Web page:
The Digital Assembly Spring 2015 Workshop
Dauer Hall, Rm. 215
Thursday, February 19th, 4-7
Friday, February 20th, 9-12

The Digital Assembly's Spring 2015 workshop introduces contemporary approaches to studying digital games and demos how to design and modify game hardware and software.

This workshop is free and open to the public, featuring presentations by:


Professor Anastasia Salter
University of Central Florida


Beyond the Bridgekeeper: Exploring Narrative Games on the Margins

Over the past few years, the rise of new platforms has started to alter our perception of games and gamers. While the AAA game industry is perhaps more inaccessible and homogeneous than ever before, the future of games and narratives has moved out of the hands of those gatekeepers. The construction of new forms of interactive storytelling is already well underway: it is happening on the edges of the mainstream gaming industry and in the spaces between media, on the foundations set by classic games using new and increasingly accessible tools for personal game development. Along these margins, convergent storytelling allows for playful reading and reading becomes a strategy of play. Anastasia Salter's presentation will explore these interactions between storytellers and readers, between programmers and creators, and among fans turned world-builders which are transforming our definitions of games.

Anastasia Salter is an Assistant Professor of Digital Media at the University of Central Florida. She is the author of What is Your Quest? From Adventure Games to Interactive Books (University of Iowa Press, 2014) and co-author of Flash: Building the Interactive Web (MIT Press, 2014). She writes for ProfHacker, a blog on technology and pedagogy hosted by the Chronicle of Higher Education, and is a board member and former chair of the North American Simulation and Gaming Association and a member of the THATCamp Council.


Professor Stephanie Boluk
Pratt Institute


Metagaming: Videogames and the Practice of Play


Metagames are games about games. They are games we play in, on, around, and through other games. From the simple decision to press start, pass the controller, or even purchase a piece of software to the most elaborate player-created constraints and popular strategies, metagames are not simply a label for the way we play but, as Richard Garfield writes, “a game without a metagame is like an idealized object in physics. It may be a useful construct but it doesn't really exist.” And although there is a long history of metagaming in strategy games and tabletop roleplaying, over the past decade and with the rise of social media and sharing services like Steam, YouTube, and Twitch, the term metagame is increasingly used to describe the community practices within, around, outside, and about videogames. From the retro graphics of indie games to the adopted constraints of speedrunning and from the ever-shifting strategies of e-sports to Internet espionage that takes place outside massively multiplayer online games, metagaming has become a dominant form of play, a game design paradigm, and a way of life not only occurring around videogames but all forms of digital technology. Following a discussion of the concept of metagaming, Stephanie Boluk will explore one of the most powerful cases of play as a critical practice: total control hacking. From memory manipulation glitches to arbitrary code execution, total control hackers transform videogames into development environments and play into a form of programming.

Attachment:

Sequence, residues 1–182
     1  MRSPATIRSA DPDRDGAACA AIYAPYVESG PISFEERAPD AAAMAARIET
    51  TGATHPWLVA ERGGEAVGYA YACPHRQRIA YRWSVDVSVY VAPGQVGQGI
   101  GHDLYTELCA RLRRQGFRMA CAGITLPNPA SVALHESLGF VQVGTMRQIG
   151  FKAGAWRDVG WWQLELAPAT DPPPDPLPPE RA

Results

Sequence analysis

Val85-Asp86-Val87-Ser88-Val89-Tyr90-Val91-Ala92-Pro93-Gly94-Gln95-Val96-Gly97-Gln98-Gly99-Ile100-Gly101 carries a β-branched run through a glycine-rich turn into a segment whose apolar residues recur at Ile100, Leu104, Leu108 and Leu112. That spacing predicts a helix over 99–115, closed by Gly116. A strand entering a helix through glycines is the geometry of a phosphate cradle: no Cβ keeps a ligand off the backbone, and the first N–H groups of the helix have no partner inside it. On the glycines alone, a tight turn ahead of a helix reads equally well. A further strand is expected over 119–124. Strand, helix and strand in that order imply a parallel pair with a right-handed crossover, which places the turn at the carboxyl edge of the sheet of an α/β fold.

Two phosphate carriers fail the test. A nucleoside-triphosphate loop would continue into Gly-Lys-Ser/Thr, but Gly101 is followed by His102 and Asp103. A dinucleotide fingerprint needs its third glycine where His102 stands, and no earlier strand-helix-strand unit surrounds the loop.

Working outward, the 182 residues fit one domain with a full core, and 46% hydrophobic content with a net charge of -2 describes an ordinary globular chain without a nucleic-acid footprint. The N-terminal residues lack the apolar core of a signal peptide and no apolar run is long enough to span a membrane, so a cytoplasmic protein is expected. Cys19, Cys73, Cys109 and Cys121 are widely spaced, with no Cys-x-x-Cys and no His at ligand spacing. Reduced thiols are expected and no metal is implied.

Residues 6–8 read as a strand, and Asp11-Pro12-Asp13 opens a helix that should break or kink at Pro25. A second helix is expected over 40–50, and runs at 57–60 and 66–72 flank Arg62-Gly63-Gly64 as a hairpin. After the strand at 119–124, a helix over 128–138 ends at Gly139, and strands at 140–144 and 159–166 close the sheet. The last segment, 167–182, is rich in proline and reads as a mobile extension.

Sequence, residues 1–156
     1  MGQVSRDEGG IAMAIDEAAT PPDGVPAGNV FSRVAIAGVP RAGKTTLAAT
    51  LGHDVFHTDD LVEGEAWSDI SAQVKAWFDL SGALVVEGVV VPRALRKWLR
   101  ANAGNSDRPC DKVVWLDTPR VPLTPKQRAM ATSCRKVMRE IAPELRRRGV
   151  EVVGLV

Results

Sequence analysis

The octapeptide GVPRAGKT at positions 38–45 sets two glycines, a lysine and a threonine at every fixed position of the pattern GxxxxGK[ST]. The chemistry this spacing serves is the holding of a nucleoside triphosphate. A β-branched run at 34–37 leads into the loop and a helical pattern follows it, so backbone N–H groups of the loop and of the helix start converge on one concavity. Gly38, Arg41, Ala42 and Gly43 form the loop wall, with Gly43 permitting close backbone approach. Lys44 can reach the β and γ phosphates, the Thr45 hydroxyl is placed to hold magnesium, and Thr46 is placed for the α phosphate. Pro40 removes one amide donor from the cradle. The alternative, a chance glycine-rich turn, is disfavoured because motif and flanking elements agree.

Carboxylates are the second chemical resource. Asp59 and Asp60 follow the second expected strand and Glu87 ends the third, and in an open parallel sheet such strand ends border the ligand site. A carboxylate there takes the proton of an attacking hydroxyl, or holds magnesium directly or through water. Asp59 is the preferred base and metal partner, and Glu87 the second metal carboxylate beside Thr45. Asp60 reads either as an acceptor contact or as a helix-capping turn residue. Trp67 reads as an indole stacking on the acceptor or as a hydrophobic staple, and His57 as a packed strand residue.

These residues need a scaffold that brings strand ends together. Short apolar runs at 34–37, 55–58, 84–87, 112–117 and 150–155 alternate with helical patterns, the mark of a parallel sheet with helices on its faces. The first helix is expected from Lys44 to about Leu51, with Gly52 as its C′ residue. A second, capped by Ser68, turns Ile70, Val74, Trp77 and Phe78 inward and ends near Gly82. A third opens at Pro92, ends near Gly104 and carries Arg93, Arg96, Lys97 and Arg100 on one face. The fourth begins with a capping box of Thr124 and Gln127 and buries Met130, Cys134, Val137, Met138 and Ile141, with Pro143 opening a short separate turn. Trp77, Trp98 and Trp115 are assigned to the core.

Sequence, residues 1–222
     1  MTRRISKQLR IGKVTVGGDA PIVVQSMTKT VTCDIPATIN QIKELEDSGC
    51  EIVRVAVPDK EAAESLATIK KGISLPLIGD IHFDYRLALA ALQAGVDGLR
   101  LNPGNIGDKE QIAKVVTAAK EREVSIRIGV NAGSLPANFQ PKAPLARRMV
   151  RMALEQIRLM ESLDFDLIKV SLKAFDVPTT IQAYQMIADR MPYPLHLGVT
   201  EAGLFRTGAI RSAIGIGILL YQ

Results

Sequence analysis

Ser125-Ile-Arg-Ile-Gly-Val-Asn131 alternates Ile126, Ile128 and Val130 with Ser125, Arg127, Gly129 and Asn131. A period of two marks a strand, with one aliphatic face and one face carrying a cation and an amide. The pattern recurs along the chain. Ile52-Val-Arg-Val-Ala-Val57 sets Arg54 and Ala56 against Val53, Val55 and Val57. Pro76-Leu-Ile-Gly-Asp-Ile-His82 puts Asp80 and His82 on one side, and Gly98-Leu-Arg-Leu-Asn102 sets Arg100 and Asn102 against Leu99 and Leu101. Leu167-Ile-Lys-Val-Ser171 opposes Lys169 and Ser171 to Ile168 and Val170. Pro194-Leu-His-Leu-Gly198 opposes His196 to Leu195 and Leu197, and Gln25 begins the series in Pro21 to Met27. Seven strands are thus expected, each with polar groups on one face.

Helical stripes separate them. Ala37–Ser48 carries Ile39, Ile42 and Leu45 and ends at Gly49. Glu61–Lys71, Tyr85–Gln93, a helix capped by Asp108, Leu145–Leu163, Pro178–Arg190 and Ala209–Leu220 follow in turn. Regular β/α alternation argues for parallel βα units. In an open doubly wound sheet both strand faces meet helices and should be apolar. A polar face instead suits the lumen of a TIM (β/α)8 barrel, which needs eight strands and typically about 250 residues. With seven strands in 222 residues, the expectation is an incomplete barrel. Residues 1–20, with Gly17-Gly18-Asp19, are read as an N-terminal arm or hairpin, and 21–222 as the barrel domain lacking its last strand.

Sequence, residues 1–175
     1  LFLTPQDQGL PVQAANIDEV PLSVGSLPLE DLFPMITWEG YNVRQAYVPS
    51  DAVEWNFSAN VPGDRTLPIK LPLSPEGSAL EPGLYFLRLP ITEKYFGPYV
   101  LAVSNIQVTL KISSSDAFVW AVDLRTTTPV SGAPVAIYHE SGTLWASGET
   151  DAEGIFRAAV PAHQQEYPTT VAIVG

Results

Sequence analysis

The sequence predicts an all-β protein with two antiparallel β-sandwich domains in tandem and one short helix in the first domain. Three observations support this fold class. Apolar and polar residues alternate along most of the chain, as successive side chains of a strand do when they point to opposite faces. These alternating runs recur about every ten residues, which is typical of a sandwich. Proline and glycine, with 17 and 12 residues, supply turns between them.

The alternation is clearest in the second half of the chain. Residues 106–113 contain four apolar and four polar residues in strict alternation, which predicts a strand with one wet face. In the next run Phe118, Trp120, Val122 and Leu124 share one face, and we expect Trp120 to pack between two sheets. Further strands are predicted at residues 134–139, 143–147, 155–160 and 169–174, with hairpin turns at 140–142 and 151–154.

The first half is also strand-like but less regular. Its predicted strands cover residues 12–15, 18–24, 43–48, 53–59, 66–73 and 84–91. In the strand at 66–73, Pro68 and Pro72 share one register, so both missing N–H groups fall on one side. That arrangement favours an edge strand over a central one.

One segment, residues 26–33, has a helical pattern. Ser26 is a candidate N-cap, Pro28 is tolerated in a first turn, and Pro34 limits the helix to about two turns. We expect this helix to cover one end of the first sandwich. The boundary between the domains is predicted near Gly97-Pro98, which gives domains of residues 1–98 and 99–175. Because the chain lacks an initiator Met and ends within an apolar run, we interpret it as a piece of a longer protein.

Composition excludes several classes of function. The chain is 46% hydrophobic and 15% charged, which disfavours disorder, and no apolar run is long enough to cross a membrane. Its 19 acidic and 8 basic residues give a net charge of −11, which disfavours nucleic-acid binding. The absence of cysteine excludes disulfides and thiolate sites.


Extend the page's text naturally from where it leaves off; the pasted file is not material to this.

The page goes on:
Stephanie Boluk is an assistant professor teaching in the Graduate Program of Media Studies at Pratt Institute.


Patrick LeMieux
Duke University


Making a Metagame: Introduction to ROM Hacking and Hardware Reproduction

Following a discussion of the concept of metagames--the games we play in, on, around, and through other games--Patrick LeMieux's hands-on workshop explores the practical, material, and historical implications of ROM hacking and hardware reproduction. Beginning with a brief introduction to low-level machine code and the relationship between analog electronics and digital information, in the first half of the workshop participants will modify a disassembled version of Nintendo’s Super Mario Bros. in order to make an original, albeit simple, ROM hack. After testing each new metagame on an emulator, the second half of the workshop will be dedicated to making these Mario mods playable on original hardware. Participants will first burn each game onto an EPROM chip using a Willem Programmer. Then, by removing the factory soldered ROM chips and adding EPROM sockets to vintage Nintendo cartridges we will make prototype boards for testing our ROM hacks on the Nintendo Entertainment System.

Patrick LeMieux is an artist, game designer, and Ph.D. candidate in the Department of Art, Art History, and Visual Studies at Duke University.


Refreshments will be provided. For more information, visit the Digital Assembly website.